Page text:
About the artist
Eddie Madril’s sound of belonging is the chirp of cicadas during the summer in Arizona. (6:49)
Eddie Madril is a member of the Pascua Yaqui tribe of Southern Arizona and Northern Sonora Mexico. He is an active member of the Native American community and a representative of his culture through various aspects: as a dancer, singer, teacher, playwright and filmmaker. Eddie is currently a professor for American Indian Studies at San Francisco State University and Mills College/Northeastern and is a monthly host for KPFA Radio’s Bay Native Circle program.
You know, when I close my eyes and I think of sounds that come to my ears and into my mind and into my heart—which really just feed the body, essentially—it comes from my childhood. Not growing up in Arizona but visiting Arizona. And visiting Arizona from the Central Valley of California, you go into a desert and as a little boy you think, well, this could be amazing, but it’s just desert. There’s nothing here. You have all these different ideas of leaving this lush area of food and abundance and mountains and things and you go to Arizona, and it’s just desert. But through time, you grow to appreciate these places, these spaces and these sounds.
As a little boy I heard this buzzing sound. This buzzing sound that I thought was electrical high wires and high-tension electrical wires, but it wasn’t. It was this little thing like a bug, a beetle. This little thing that just buzzed and buzzed really loudly, all by itself. And when there were many of them hiding in a tree, you didn’t know what they were, you didn’t know what they looked like. You just heard them. It was eerie, so eerie because your parents would be inside talking to all the other aunties and uncles and grandparents. The kids were outside, but sometimes there was only you, and you were afraid of the tarantulas and the rattlesnakes, but you never saw those things. What you heard was the sound, and it was the sound of a cicada. And if it wasn’t just one, and there were many, you wondered if you could hide and if you could run. But really, it was just a sound. And even though it was eerie, and maybe even a little bit scary in a curious way, you couldn’t help but just sit there and look and listen, wondering where that sound come from. Wondering if that sound came from a distant past that made this little animal, this little creature, this little beetle thing make that sound. Why? So as a little boy, you just wondered and wondered and wondered. Then all of a sudden, it was interrupted in the summer by that big thundering, thundering crash from the sky, from those monsoon rains that happen in the summer in Arizona. But as a little boy, just hearing those sounds created all kinds of imagination and visuals. All these imagined wonders of stories of where you would go and where they came from and what you could do with that sound. And if you would ever hear that sound again, because you would miss it when you left and came back home—what you now called home in California.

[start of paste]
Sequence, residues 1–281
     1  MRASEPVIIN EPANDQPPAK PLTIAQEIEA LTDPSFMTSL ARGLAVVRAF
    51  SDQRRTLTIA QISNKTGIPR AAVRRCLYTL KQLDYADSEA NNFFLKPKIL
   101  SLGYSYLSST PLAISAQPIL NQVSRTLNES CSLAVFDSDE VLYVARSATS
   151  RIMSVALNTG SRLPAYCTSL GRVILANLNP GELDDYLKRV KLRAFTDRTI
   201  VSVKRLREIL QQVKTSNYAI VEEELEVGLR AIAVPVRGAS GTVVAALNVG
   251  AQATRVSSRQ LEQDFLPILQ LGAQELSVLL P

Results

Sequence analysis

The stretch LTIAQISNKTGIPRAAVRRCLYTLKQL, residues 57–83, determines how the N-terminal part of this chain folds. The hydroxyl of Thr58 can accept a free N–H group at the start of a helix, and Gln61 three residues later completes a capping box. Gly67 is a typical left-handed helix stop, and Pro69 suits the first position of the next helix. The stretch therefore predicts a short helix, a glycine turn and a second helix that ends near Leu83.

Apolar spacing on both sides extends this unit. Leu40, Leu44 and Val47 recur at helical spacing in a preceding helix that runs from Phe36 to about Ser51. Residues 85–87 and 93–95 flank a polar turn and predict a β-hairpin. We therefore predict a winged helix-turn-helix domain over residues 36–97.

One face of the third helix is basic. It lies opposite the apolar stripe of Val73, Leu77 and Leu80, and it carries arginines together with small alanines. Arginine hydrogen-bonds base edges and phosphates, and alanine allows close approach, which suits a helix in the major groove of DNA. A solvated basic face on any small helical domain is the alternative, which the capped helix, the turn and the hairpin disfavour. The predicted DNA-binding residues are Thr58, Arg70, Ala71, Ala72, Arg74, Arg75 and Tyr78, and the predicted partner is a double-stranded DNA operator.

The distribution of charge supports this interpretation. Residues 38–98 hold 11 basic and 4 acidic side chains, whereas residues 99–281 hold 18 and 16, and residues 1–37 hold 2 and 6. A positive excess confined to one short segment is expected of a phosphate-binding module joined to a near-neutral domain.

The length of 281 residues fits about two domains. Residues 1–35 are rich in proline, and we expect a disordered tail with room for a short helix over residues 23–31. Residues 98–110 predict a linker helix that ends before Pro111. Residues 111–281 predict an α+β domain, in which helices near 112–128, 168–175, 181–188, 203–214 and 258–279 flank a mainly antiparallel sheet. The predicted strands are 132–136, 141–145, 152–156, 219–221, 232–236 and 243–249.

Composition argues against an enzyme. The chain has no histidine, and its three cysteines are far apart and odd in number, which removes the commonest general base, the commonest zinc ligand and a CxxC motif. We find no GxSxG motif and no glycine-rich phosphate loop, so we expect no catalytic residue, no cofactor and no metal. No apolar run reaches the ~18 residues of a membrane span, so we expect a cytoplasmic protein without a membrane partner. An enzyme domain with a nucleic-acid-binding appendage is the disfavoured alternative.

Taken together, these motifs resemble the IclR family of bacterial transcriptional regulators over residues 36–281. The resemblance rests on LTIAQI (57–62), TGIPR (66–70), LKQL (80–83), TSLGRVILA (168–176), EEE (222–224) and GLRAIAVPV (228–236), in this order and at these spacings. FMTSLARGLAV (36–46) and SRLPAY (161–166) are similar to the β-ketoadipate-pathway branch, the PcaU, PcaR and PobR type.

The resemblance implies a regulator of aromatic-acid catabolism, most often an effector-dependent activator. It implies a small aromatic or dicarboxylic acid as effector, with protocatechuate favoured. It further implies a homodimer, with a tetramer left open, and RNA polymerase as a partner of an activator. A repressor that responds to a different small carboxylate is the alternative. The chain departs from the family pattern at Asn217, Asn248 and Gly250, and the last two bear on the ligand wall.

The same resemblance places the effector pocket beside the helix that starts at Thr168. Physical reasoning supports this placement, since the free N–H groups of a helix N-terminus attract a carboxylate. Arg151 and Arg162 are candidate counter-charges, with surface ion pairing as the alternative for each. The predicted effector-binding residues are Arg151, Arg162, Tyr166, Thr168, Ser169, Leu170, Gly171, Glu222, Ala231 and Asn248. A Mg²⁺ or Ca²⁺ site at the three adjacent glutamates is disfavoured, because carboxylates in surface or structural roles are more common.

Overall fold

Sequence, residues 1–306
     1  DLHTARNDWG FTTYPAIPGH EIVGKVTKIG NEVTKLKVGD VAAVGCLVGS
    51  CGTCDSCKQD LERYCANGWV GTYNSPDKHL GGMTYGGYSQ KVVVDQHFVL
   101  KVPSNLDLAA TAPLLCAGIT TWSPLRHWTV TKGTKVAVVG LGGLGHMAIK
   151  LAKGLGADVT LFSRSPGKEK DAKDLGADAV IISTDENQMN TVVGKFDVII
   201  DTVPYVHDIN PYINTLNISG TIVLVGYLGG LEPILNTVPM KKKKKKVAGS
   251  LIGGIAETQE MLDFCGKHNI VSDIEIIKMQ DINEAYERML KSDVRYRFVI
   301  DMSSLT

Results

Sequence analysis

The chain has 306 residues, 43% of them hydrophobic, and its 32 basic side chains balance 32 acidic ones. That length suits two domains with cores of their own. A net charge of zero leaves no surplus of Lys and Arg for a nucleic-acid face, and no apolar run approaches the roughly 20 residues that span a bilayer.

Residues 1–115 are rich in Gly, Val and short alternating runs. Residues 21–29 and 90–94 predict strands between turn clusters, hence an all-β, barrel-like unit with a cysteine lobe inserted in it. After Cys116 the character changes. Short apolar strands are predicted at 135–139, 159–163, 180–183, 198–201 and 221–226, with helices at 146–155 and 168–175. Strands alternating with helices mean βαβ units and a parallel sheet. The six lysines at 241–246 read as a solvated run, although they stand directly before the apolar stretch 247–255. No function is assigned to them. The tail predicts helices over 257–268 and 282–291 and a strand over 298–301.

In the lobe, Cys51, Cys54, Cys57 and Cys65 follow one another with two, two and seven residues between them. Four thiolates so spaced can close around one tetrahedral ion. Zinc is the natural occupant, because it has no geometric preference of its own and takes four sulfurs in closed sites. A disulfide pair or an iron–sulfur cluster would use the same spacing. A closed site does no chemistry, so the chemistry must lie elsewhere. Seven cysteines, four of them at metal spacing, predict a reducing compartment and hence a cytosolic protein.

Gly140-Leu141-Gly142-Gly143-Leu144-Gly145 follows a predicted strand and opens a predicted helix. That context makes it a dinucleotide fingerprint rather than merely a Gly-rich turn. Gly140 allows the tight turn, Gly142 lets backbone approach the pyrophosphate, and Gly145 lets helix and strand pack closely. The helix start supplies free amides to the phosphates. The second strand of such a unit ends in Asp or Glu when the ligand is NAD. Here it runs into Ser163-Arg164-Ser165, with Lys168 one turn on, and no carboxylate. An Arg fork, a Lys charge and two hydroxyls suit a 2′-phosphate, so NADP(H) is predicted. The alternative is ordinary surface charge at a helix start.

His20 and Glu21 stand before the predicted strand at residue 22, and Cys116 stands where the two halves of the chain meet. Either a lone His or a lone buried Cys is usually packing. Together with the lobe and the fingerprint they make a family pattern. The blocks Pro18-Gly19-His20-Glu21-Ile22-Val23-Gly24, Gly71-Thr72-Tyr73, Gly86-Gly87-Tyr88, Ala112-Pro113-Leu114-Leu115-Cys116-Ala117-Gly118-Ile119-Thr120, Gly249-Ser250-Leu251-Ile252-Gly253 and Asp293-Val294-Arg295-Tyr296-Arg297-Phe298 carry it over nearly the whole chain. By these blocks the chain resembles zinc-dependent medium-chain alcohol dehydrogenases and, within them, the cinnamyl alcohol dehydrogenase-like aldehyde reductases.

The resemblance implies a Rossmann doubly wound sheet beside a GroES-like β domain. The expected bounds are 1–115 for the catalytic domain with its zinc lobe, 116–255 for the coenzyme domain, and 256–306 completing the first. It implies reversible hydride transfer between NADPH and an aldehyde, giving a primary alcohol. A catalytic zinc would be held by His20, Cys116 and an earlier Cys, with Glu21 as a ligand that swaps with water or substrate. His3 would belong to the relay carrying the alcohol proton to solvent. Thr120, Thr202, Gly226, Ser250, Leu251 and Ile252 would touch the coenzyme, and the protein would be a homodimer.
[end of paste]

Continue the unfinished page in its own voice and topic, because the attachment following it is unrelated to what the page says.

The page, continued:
As a little boy, I didn’t really think much of Arizona. As an adult now, every time I think of Arizona, I can’t help but think of the thundering sounds of the monsoon rains. But more so hoping—without even telling anybody—just hoping that I might hear a cicada sound. And I don’t very often, but I guess I’m not outside playing as a little boy waiting for those sounds to come or not listening and then just hearing them. Now I’m that adult, just as my parents were, sitting inside hearing the stories from the elders and the cousins and their aunts and uncles that are still around. And when I do get to hear that cicada, I almost want everybody to be quiet. I almost want to be alone again and just hear that cicada sound. And no longer hear it as an adult, listening to it as a scientific mystery, but more of a nostalgic memory of how I used to be—which was curious, and creative. And the imagination allowing that sound to just take me on a journey no longer as an adult just looking at it going: I wonder what makes that sound? I need to know scientifically I need to know, you know, what makes this beetle what it is? It’s more so just the story escape that allows me to go into what we were taught a long time ago, which is to allow the imagination, and the dreams and the wonder become the magic. Let it all become the magic so that we can share that magic around us.
I now listen to the cicada no longer as just this beetle that makes a sound that sounds like electricity. I now think of it as a long, long-ago memory that existed so that I could hear it as a boy and create wonders. And so that I could become an adult and remember that as children, we have curiosities and as elders, we have all the experience to give us wisdom. That cicada encompasses all of it in my experience growing up as a boy, hearing that sound. That sound of the cicada accompanied by the thunder, the thunderclap of that monsoon rain takes me to a place that I did not grow up in, but I did grow up in—as a boy, as a Yaqui, in Arizona. A home place made up of the Earth and the beetles and the sky sounds of our ancestors and the ones that my daughter and great, great, great, great grandchildren perhaps will hear as well. It connects us all in our relationship not just to each other, but to the land and to the sky. So I would say, when I close my eyes, it’s a cicada sound that brings me back to a place and takes me forward to a space. It’s a cicada.